I would have liked to have seen some approximate pull weights of regular vehicles in regular stuck situations. It's hard to know how much weight you're really pulling. I'm planning on installing a Ramsey 12,000-pound winch on the front of my pickup and a MileMarker 10,500 in the rear. For approximately $700 extra, I'll be running the tranny PTO to a separate hydraulic pump instead of using the power steering pump. I'll be able to pull all day long and won't burn up pumps, and the pulling capacity should be increased with the higher pressure of the PTO-driven pump. Also, I'm told MileMarker is coming out with a higher tensile-strength winch which should alleviate the twisting on the mount that you experienced.
A regular stuck situation? We reported that a dead pull up a Surprise waterfall netted a load of about 5,200 pounds.
As for your winch shootout, I find your results skewed and favorably prejudiced toward the Warn. I have owned a 9,000-pound MileMarker for more than two years. During that time many high-country four-wheelers have been glad to see it. My winch has never stalled, even under 20,000-pound loads, nor has it ever burned up a power steering pump or even the power steering fluid. It has been a constant and dependable winch.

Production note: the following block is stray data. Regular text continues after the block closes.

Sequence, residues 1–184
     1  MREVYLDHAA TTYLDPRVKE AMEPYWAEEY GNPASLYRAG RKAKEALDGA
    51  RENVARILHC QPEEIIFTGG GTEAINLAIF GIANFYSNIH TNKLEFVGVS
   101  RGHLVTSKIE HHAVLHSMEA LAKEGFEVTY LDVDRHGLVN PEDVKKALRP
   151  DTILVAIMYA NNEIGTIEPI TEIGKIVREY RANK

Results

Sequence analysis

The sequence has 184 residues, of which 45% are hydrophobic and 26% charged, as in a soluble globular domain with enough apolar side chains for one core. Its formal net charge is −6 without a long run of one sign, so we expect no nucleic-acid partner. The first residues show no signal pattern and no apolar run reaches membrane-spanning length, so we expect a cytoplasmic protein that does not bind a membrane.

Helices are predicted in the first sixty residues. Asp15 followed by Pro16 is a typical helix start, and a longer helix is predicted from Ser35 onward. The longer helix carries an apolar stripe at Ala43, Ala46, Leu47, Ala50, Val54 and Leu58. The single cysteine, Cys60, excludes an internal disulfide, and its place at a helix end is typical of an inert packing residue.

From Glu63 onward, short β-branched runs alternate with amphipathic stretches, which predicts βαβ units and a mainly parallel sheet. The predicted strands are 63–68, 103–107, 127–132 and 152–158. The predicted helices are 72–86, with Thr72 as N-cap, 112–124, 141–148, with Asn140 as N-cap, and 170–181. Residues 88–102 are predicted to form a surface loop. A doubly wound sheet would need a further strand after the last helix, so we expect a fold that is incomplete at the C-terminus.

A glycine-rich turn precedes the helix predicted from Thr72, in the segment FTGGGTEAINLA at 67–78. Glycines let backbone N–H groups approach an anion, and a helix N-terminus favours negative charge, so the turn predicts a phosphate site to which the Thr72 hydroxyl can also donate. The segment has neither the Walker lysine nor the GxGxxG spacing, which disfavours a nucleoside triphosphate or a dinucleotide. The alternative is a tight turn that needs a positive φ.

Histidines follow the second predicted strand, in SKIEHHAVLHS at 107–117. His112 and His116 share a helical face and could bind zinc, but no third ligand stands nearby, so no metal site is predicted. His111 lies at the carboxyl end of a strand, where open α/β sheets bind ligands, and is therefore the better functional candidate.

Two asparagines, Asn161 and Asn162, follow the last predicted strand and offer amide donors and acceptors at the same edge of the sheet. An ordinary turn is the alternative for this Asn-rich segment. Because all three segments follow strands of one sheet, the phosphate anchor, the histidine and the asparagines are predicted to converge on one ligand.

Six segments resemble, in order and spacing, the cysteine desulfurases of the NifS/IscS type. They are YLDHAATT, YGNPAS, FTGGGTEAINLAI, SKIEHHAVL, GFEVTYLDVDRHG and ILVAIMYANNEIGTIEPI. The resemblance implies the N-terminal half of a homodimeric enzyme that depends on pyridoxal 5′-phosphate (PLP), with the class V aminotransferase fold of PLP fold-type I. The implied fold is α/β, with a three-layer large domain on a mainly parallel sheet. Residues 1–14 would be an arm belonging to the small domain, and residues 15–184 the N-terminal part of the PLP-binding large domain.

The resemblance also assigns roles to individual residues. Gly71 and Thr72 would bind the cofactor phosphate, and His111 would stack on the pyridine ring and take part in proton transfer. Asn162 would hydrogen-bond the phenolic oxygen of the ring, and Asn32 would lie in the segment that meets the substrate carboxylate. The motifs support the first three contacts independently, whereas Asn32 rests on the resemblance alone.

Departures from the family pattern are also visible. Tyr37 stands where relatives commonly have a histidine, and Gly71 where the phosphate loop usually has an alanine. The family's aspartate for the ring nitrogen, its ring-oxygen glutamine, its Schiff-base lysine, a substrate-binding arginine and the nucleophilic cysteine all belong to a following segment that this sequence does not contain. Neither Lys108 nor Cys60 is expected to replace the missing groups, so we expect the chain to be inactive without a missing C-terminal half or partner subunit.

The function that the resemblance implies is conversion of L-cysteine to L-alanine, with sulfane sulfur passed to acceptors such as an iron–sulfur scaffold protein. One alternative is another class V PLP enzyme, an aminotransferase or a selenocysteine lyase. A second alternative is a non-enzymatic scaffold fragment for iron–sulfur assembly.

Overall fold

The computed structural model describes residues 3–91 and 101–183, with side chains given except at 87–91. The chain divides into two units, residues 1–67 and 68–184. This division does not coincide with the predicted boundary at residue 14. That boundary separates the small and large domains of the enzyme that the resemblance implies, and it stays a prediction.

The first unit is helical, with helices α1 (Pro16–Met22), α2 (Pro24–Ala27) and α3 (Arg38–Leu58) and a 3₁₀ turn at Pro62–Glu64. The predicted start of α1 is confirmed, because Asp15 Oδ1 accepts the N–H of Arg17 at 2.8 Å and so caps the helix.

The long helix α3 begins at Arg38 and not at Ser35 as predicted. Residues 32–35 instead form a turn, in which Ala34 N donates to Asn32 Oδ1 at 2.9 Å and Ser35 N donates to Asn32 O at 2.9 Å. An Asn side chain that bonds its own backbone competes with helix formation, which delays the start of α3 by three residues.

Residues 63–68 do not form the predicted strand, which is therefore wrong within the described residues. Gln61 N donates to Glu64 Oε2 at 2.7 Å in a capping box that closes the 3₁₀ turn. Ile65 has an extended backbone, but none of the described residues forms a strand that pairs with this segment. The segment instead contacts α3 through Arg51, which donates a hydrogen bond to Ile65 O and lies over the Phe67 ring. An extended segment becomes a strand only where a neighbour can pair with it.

Rather than go on and on about the attributes of a MileMarker, let's do this: Why don't you bring whatever winch you want to western Colorado and we'll go 'wheeling together. I'm about two hours from Moab, Telluride, and Ouray. The Grand Mesa, granddaddy of the flattop mountains, is also close by. We'll take a Jeep and drive it down the boat ramp on Grandby Lake No. 2 and see which winch gets it out. The last two times I tried this, it took the MileMarker and a snatch block to accomplish the job.
David Bernatis Sr.
We stand by our test as being fair and accurate. In fact, we believe it was more fair than what you've proposed since the winches in your test would be on different vehicles. By installing both winches on the same vehicle, we held constant most of the variables that affect winch performance and the load placed on the winch. In fact, we could argue that the MileMarker had an advantage since it was installed by professionals who are familiar with the product, and we bolted the Warn on in the middle of the desert. Also, we pointed out the shortcomings of both winches, and we went through great lengths to keep the MileMarker in the contest by replacing the power steering pump. Furthermore, we used a winch dyno to test true loads-we seriously doubt your ability to judge a 20,000-pound pull without such test equipment.
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